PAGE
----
All-Area Boys Basketball Player of the Year: Cherry’s Isaac Asuma ‘makes everything smooth’

The junior has led the Tigers to back-to-back Class A semifinals and is the first man on the Iron Range to receive a basketball scholarship offer from the University of Minnesota since 1976.

high school basketball player
Isaac Asuma of Cherry is the Duluth News Tribune boys All-Area basketball player of the year for 2023.
Clint Austin / Duluth News Tribune

IRON JUNCTION — A little over seven years ago, Jordan Christianson was a new teacher at Cherry High School.

Conferences had just ended and Christianson was watching some sixth-graders play basketball in the gym. A young Isaac Asuma grabbed a rebound and unleashed what appeared to be a perfect outlet pass to a player streaking down the floor, only for the player to fumble the ball out of bounds.

“The very next possession it’s the same thing,” Christianson said. “The kiddo runs up the floor, Isaac looks up, passes it to him and, boom, right off his hands out of bounds. I’m thinking, ‘Man, if that’s me, I’m probably not going to pass it to him a third time.”

high school boys play basketball
Isaac Asuma (3) of Cherry shoots the ball against Tucker Haroldson (20) of Russell-Tyler-Ruthton during the Class A state semifinal at the Target Center on Friday, March 24 in Minneapolis.
Clint Austin / File / Duluth News Tribune

A few possessions later, it did happen a third time, with the same result.

The next day, Christianson saw Asuma, actually a fourth-grader playing up with the sixth-graders, and asked him about the game.


“He dropped the ball three or four times, I’m like ‘Do you ever think you should just try to get something more downhill,’” Christianson said. “As a fourth grader, he goes, ‘That’s the right play — whether they’re dropping it or not, it’s the right play.’ I was like, good God, you are wise beyond your years, kid.”

Since that day, Asuma has continued making “the right play” and has led Cherry to back-to-back Class A semifinals, averaging 21 points per game, 8.8 rebounds, 6.5 assists and 2.6 steals this season. He is the first boy on the Iron Range to receive a scholarship offer from the Minnesota Golden Gophers since Paul McDonald in 1976.

The team includes Minnesota recruit and All-Area Player of the Year Isaac Asuma as well as Duluth East's Jobe Juenemann and Hermantown's Blake Schmitz.

Now, Asuma is the News Tribune’s 2023 All-Area Player of the Year.

Putting Cherry ‘on the map’

Heading into the state tournament last season, few people had heard of Cherry, a blink-and-you’ll-miss-it community on Highway 37, and even fewer had heard of Asuma.

The then-sophomore exploded in the Class A tournament — Cherry’s first appearance in 25 years — scoring 31 in a 68-57 win over Nevis and 36 in the 72-61 semifinal loss to eventual state champion Hayfield .

“I don’t even know what happened,” Asuma said. “I played some of my best basketball of the year — I think I hit six or seven 3s in one of the games. It was just a great experience for me to be able to showcase my talents on such a big stage and play in front of all those people down at state.”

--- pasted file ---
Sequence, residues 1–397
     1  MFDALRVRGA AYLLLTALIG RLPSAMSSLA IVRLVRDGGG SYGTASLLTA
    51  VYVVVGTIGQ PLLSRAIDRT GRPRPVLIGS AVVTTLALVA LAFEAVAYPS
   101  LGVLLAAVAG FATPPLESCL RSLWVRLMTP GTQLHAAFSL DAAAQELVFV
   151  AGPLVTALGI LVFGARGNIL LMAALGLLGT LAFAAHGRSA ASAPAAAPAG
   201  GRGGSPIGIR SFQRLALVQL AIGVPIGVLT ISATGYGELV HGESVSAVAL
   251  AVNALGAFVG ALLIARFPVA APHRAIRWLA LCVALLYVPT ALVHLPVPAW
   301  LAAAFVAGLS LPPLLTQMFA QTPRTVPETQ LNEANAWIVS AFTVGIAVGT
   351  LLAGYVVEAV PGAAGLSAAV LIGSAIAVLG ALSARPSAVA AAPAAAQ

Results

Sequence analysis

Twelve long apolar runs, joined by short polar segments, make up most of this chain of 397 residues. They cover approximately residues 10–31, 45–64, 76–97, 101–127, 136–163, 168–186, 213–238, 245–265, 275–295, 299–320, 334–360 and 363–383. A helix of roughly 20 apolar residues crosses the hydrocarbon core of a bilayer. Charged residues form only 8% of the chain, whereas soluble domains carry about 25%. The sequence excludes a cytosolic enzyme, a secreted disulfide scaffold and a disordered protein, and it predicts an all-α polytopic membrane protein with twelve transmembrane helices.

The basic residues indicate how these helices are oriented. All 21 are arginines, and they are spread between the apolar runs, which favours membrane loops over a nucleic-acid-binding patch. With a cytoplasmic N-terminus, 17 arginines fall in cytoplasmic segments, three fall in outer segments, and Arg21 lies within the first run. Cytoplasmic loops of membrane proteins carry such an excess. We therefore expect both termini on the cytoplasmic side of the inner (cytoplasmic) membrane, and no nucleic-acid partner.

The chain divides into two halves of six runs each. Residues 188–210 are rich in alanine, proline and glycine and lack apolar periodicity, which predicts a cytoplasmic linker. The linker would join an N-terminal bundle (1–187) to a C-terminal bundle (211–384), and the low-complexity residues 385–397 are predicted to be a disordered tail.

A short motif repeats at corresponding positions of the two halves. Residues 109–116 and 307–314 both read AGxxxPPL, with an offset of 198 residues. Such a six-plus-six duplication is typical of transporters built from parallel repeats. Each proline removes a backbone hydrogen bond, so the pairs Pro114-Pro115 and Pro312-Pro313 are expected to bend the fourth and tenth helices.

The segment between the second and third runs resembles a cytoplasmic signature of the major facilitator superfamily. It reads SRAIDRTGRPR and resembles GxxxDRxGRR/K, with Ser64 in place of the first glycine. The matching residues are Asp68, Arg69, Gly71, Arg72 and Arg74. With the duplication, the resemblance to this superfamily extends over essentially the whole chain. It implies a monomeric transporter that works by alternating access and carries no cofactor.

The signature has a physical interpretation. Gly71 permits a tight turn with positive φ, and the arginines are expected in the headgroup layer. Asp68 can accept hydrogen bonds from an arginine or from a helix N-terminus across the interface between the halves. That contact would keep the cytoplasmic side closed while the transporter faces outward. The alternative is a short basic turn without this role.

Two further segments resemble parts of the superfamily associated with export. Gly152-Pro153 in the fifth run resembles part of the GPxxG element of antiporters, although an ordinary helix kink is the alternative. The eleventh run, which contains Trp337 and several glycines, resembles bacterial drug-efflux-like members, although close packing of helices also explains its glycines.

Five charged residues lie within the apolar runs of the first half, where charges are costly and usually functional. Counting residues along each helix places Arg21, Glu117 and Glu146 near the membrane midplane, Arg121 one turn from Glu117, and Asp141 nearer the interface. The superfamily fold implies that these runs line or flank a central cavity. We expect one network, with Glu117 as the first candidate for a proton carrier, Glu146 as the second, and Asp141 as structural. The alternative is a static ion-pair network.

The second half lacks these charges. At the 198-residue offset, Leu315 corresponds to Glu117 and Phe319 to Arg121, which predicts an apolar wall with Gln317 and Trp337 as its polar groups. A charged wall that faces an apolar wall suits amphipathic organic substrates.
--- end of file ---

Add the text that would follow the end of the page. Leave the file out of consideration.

high school boys play basketball
Isaac Asuma (3) of Cherry dribbles the ball against Cole Gilsdorf (2) of Border West during the Class A state quarterfinal at Williams Arena on Wednesday, March 22 in Minneapolis.
Clint Austin / Duluth News Tribune

Christianson said Asuma turned in similar performances all season. He was like a well-kept secret on the Iron Range, but the secret was shattered with the 2022 tournament.

“I’ve been singing his praises since he was an eighth-grader,” Christianson said. “I was telling my buddies back in central Minnesota, I’m like, ‘You’ve got to watch this kid play. They said, ‘Oh, it’s a single-A basketball player,’ and ‘I’m like, I’m telling you, man he’s different.’ By the time the state tournament rolled around, he took advantage of the opportunity to really put it on full display.”


The 2023 tournament featured a 68-55 win over Border West , followed by a disappointing 61-57 loss to eventual 2023 Class A champion Russell-Tyler-Ruthton .

Asuma said he was disappointed with the 2023 finish, but he loves attention the Tigers’ play has brought to his community.

“Whenever I was asked about it before, I’d be like, it’s a small town right next to Hibbing, about an hour north of Duluth,” Asuma said. “No one really knew where it was until these past few years when Cherry basketball exploded. It’s nice to finally get everyone to know where Cherry is, even though it’s a super small town. It’s just cool to see it being put on the map.”

A family affair

Asuma’s connection to Cherry athletics goes back generations.

His mother, Jolene Asuma-Stevenson, and aunt, Jean Asuma-Pearson, were 1,000-point scorers for the Tigers, and his uncles and grandparents all played. Even today, Cherry sports is a family affair for the Asumas.

“Some families, they have their lake places in the summer, they go camping or they go on trips and this is what we do,” Asuma-Stevenson said. “We do sports and it’s fun for us — it’s like a big family event. All of our family members, not just Isaac’s mom and dad, but his aunts and uncle and come to every game. That’s kind of our thing, because sports has been such a big part of our lives.”

high school boys play basketball